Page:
Why did RCUK betray us to barrier-based publishers?
June 17, 2013
I know I’ve written about this before, but Richard Poynder’s new post reminds me that we Brits really do need to be up in arms over the abject behaviour of our supposed representatives, the research councils (RCUK). As a direct result of this policy, the publisher Emerald has now introduced 24-month embargoes on RCUK-funded papers, where before it had none.
- Specifically stating that Open Access includes unrestricted use of manual and automated text and data mining tools; and unrestricted reuse of content with proper attribution.
- Requiring publication in journals that meet Research Council ‘standards’ for Open Access.
- No support for publisher embargoes of longer than six months from the date of publication (12 months for research funded by the Arts and Humanities Research Council (AHRC) and the Economic and Social Research Council (ESRC)).
Subsequent revisions of this policy have systematically removed all three of these policies: Green-OA papers may now be encumbered by commercial clauses, RCUK has said it will not enforce its journal standards, and the maximum six-month embargo for STM publication has quadrupled to 24 months.
As a matter of fact, it looks uncannily as though they read my comments and deliberately did the exact opposite. (No, I am not seriously suggesting that’s what happened. I’m not paranoid. What actually happened is less conspiracy-flavoured: I want what’s good for the world; publishers want what’s good for publishers, which is the opposite. They got what they wanted.)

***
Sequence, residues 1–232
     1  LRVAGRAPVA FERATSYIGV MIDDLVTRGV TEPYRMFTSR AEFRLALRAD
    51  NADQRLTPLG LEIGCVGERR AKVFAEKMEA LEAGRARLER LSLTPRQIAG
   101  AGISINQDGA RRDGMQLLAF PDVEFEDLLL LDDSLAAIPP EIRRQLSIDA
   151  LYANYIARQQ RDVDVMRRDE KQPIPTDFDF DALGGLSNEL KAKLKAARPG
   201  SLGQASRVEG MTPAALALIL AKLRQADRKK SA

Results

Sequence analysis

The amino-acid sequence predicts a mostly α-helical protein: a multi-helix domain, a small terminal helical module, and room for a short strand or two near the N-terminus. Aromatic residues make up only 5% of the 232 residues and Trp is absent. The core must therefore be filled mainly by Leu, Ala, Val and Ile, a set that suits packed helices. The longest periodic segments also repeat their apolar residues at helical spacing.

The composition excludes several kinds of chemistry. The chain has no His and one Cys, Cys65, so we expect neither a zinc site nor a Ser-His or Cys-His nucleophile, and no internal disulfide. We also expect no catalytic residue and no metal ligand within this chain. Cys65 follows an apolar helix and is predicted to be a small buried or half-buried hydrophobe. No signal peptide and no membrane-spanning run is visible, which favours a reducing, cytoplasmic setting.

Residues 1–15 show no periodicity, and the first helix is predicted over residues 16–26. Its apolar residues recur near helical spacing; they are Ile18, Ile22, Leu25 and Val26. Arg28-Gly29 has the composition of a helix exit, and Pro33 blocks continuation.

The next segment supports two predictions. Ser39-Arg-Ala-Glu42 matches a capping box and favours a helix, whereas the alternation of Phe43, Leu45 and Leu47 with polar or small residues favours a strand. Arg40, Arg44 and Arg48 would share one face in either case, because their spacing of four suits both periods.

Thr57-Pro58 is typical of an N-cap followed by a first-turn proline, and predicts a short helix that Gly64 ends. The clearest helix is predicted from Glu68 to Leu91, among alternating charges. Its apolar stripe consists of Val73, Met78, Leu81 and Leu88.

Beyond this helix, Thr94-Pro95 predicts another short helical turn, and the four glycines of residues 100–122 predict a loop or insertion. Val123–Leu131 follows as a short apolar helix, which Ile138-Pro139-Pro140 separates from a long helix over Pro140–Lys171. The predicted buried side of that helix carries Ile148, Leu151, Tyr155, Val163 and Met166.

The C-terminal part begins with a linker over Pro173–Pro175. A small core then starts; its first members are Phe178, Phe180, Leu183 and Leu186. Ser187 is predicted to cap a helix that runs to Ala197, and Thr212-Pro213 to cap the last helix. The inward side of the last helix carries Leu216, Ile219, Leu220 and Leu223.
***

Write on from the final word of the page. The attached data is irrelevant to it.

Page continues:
How the hell did this happen?
The irony here is that the House of Lords select committee criticised RCUK for “lack of consultation” when in fact it had circulated its initial policy for comments. It was after this that RCUK threw out all its progressive promises without consultation — except, evidently, with the publishers to whom it so cravenly capitulated.
Where was the consultation on the 24-month embargoes now being exploited by “publishers” like Emerald? There was none: suddenly, from out of the blue, the Publishers Association’s “decision tree” appeared bearing the shameful legend “endorsed by BIS and RCUK”. On whose mandate? BIS and RCUK both exist to spend taxpayers’ money: when did taxpayers give their consent to quadrupling embargoes?
The whole thing makes me want to weep. By this stage in the proceedings, we expect barrier-based publishers to act against the interests of every other party. What we don’t expect it for our elected representatives to collude.
Could we at least have the courtesy of some kind of explanation for RCUK?